If you want to understand why it will be hard to get rich and poor countries to agree on how to deal with climate change, consider the reaction to a remark by Todd Stern, the U.S.’s chief negotiator, when he arrived here in Copenhagen the other day. Stern said:
We absolutely recognize our historic role in putting emissions in the atmosphere up there that are there now. But the sense of guilt or culpability or reparations–I just categorically reject that.
In response, Pablo Solon, Bolivia’s ambassador to the United Nations, said:
Admitting responsibility for the climate crisis without taking necessary actions to address it is like someone burning your house and then refusing to pay for it. Even if the fire was not started on purpose, the industrialized countries, through their inaction, have continued to add fuel to the fire. As a result they have used up two thirds of the atmospheric space, depriving us of the necessary space for our development and provoking a climate crisis of huge proportions.
In Bolivia we are facing a crisis we had no role in causing. Our glaciers dwindle, droughts become ever more common, and water supplies are drying up. Who should address this? To us it seems only right that the polluter should pay, and not the poor.”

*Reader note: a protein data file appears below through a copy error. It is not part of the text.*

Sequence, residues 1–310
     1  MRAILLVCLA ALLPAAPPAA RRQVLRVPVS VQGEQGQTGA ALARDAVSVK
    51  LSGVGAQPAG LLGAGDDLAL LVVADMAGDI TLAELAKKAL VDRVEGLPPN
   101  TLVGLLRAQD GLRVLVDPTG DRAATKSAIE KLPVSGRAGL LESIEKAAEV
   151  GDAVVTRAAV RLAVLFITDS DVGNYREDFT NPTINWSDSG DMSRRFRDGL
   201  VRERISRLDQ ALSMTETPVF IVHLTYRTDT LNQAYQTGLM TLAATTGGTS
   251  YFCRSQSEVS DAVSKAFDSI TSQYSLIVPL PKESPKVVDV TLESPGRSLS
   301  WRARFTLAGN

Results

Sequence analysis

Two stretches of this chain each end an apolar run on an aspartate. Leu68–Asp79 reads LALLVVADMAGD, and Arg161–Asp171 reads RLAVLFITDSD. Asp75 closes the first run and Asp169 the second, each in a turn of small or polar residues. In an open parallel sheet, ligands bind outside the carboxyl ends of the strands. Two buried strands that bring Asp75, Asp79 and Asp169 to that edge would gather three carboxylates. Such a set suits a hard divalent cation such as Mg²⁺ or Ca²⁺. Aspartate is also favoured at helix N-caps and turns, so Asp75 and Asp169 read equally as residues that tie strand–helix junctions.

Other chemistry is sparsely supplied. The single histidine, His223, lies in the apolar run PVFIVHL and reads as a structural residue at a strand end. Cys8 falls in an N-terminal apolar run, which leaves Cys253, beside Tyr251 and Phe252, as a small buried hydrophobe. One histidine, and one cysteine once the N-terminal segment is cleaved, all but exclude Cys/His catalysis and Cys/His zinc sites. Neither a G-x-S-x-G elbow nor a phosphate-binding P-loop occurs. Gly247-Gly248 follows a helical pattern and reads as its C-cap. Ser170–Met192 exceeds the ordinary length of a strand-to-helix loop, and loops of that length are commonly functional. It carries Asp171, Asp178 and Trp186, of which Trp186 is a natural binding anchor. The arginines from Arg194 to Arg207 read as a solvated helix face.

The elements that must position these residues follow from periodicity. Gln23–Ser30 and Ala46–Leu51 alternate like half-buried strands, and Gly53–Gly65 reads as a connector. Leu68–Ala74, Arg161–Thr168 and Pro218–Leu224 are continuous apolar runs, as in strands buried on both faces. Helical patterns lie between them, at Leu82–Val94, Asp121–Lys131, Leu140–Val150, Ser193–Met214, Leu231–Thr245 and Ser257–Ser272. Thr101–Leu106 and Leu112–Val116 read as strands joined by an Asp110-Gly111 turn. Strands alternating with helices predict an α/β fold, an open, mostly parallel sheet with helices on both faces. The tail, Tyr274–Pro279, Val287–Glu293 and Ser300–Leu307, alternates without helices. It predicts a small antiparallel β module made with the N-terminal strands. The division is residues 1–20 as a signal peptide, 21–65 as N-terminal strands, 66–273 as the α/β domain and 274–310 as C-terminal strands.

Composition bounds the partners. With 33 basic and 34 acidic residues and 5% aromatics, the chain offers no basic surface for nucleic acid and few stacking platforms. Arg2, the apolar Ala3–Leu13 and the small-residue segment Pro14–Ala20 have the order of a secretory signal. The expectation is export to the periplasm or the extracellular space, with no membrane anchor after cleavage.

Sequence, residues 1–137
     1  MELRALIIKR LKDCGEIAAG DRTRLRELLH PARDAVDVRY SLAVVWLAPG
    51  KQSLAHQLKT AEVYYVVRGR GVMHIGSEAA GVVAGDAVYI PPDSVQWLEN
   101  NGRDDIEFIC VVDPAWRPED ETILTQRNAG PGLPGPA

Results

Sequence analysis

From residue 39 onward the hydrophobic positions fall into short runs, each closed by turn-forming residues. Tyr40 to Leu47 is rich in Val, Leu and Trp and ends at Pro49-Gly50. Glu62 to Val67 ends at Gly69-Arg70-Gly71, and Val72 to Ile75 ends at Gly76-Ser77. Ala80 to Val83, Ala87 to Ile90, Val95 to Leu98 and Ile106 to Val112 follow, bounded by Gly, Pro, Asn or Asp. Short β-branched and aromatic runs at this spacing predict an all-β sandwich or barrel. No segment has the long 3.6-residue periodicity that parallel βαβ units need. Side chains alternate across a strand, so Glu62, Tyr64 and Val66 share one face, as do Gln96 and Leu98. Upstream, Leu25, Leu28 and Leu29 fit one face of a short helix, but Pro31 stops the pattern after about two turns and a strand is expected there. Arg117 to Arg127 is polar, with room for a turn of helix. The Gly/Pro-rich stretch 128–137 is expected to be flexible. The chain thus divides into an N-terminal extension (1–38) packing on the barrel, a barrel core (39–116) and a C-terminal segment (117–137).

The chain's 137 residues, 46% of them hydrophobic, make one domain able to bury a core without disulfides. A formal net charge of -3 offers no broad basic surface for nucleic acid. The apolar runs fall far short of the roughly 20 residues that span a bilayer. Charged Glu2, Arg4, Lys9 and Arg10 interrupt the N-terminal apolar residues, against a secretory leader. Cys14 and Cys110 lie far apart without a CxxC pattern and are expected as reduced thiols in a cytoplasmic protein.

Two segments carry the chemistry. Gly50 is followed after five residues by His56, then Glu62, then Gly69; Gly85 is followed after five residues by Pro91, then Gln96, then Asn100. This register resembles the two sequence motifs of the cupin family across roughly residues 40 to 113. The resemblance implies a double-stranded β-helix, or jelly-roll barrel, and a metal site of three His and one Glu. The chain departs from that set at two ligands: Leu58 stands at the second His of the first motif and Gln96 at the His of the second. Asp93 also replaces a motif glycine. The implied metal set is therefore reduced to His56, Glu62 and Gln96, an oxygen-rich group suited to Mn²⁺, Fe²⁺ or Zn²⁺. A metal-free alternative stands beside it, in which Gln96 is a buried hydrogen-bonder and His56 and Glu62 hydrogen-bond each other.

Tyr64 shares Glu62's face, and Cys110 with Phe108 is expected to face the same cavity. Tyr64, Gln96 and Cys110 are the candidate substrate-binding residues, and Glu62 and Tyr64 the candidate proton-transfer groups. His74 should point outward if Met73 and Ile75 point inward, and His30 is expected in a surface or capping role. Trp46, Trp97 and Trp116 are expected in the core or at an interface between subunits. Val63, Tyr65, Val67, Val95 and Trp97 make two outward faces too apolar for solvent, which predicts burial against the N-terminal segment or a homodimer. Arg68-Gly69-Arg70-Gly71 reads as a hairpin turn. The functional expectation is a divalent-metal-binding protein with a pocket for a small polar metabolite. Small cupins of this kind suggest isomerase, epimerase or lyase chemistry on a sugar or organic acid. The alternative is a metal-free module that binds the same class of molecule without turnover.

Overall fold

We are not assigning guilt, merely responsibility. As they say in the US, if you break it, you buy it.
There you have it. Bolivia happened to speak up, but it could just as easily have been China, India, Indonesia or Kenya.
The world’s poor countries want to get richer. Producing energy and economic growth in a cleaner way–by using wind or solar power, or nuclear energy, or electric cars–costs more than burning coal or oil. That expense, the poor countries say, should be borne by the U.S., the EU and Japan, which have emitted most of the greenhouse gases now in the atmosphere. Even now, the wealthy countries where 19% of the world’s people live account for 51% of global GHG emissions.
The principle is simple–polluters should pay because they made the mess. Some people call this climate justice.
But where will the money come from to finance clean technology for China, India and the rest of the world? (Not to mention the money needed by some poor countries to adapt to climate change.) There’s talk in Europe of a global tax on financial transactions. Island countries, including the Maldives, have called for a global tax on aviation.
Today, EU leaders said that they’d come up with $3 billion for a fund next year and President Obama has said he’ll support limited funding for adaptation and clean energy, but the Euros and dollars don’t add up to what the poor countries want or even what independent experts said will be needed. Besides that, there are big arguments brewing about who would manage the fund.
Much of the debate in Copenhagen will turn on these questions of morality and money.